This is a tale of two trees. Framed in the blossoming peach branches in my yard is the view of a pine tree across the street. Both trees, as it happens, were planted the very same spring day. Both trees, and I desperately wish this reason hadn't happened, are memorials to young men lost. The peach tree is in honor of my brother; the pine in honor of my neighbors' son. They died a month apart that awful winter of 2009. Both were 29.
Having a piece of my garden dedicated to my brother has been very healing for me. I don't remember planning this when we purchased the peach tree, but its fruit ripens around Ben's September birthday.
Ben was in a coma for about a week that July. It was dire. That he emerged and we had him again for a spell, even if it was just until February, is a miracle. The thing about a coma is that time and ability get skewered for everyone involved, not just the patient. I was too consumed with worry and hospital visits to address much else, least of all my wilted garden.
My father-in-law made the hour-plus trip to our house one day during Ben's coma. I don't remember why. He is a doctor and very proud to share his medical expertise; he knew more than any of us how hopeless the situation was and could have easily -- and maybe even justifiably -- inserted himself to tell us so. Instead, he looked around for tools and headed to the garden. I sat, defeated, at the edge of the patio, only occasionally lifting my head from my hands to watch him water my thirsty patch. The way he held the rake, tines up, to make the hose a mobile shower head was ingenious. He and I exchanged no words in the backyard -- our relationship was tenuous anyway, and it would have been hard to speak. Yet I've never forgotten the way he tended to me when he tended my garden.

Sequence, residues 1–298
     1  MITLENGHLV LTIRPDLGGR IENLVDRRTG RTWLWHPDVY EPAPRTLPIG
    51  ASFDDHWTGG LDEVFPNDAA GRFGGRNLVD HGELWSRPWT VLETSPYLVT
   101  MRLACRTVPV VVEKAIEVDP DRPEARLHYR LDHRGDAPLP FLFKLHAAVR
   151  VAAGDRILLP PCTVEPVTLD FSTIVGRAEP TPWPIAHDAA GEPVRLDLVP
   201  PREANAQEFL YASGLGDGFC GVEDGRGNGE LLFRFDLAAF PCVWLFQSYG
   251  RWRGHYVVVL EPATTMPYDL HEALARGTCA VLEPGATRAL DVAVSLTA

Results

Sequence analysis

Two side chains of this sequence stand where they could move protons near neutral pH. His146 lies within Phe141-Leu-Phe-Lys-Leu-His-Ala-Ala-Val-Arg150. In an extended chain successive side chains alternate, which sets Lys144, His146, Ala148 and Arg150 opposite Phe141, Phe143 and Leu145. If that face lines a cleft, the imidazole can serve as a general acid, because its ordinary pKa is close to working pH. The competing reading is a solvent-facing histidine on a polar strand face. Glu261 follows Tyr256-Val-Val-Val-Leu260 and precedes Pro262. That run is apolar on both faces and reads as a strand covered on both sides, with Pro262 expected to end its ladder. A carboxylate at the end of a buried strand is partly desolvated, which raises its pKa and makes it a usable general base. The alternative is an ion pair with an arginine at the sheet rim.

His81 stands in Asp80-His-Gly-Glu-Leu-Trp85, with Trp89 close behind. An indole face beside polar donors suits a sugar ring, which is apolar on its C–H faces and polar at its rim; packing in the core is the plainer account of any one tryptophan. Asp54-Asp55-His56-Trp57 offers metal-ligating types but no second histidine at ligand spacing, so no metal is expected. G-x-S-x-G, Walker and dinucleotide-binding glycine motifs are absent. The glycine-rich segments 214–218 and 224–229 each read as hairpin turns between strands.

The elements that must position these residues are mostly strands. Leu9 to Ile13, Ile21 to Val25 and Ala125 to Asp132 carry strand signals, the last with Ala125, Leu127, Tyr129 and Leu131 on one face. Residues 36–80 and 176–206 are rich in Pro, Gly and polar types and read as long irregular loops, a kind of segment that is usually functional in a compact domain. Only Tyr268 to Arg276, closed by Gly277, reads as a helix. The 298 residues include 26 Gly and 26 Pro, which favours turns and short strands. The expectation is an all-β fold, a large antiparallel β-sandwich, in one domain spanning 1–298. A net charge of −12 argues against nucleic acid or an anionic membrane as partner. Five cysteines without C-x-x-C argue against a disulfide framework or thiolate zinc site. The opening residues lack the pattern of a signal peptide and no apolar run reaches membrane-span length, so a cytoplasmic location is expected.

When my neighbors' son died that March their friend set to work in their front yard. I watched from my kitchen window as this woman tackled weeding, cleared space for a flowerbed and planted bright, cheerful pansies. That spot is where the pine tree now grows. I joined her one afternoon while my baby napped. Regarding her motivation to comfort, she told me she didn't know what to say, but she did know what she could do. During her labor over several days in the front yard, she was an ambassador for the family, helping to greet and give updates to other concerned neighbors, many of whom came by while the family was at the mortuary. Her kindness continues to inspire me.
Sadly, the woman's son died this autumn. I sent condolences and helped with the funeral, but I want to do more to show her I care. The only way I know how is to get my hands dirty in her yard. Spring comes on its own, no matter what we do, but when we work to remove the effects of winter we get to bask in the sunshine longer and feel its warmth more surely.
In the case of the peach and the pine, I see these two trees every day and smile to know their tragic backstories are tempered by the acts of loving gardeners.